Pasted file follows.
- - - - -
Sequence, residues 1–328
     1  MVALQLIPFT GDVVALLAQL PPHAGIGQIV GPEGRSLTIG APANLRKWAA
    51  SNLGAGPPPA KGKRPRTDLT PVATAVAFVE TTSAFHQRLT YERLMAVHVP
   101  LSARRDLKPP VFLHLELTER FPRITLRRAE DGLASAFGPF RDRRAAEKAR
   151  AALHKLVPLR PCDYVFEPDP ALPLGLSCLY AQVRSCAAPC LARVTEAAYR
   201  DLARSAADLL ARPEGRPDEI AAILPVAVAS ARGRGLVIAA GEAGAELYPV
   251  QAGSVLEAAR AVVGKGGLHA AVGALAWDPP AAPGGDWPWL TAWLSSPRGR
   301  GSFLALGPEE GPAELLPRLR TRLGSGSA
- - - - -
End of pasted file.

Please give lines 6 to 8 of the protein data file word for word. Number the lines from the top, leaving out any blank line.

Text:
   201  DLARSAADLL ARPEGRPDEI AAILPVAVAS ARGRGLVIAA GEAGAELYPV
   251  QAGSVLEAAR AVVGKGGLHA AVGALAWDPP AAPGGDWPWL TAWLSSPRGR
   301  GSFLALGPEE GPAELLPRLR TRLGSGSA